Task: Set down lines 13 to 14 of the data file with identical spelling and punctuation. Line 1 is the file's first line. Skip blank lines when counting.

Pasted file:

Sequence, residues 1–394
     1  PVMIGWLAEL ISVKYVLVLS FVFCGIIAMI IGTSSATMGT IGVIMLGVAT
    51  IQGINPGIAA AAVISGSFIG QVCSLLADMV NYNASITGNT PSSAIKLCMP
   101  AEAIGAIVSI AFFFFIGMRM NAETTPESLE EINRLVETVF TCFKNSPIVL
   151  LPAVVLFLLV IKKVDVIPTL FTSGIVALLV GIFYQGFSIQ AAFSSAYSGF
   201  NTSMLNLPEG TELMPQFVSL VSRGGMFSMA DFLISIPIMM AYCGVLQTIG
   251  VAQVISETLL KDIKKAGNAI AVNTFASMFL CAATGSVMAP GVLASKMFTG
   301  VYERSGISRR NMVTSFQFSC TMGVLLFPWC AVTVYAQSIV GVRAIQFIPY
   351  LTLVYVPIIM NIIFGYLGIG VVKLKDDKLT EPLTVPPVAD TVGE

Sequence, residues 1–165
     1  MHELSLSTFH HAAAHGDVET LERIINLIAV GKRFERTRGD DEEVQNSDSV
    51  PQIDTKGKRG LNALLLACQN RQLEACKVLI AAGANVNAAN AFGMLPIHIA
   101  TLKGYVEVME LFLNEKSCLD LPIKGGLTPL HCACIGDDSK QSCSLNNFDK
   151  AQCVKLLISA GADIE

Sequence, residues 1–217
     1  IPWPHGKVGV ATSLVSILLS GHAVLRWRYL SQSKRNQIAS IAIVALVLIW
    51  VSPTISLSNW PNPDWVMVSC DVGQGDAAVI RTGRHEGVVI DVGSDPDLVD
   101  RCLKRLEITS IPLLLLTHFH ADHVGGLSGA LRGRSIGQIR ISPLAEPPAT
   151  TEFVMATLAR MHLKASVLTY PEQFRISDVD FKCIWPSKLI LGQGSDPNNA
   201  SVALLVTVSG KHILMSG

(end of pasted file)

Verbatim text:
   101  TLKGYVEVME LFLNEKSCLD LPIKGGLTPL HCACIGDDSK QSCSLNNFDK
   151  AQCVKLLISA GADIE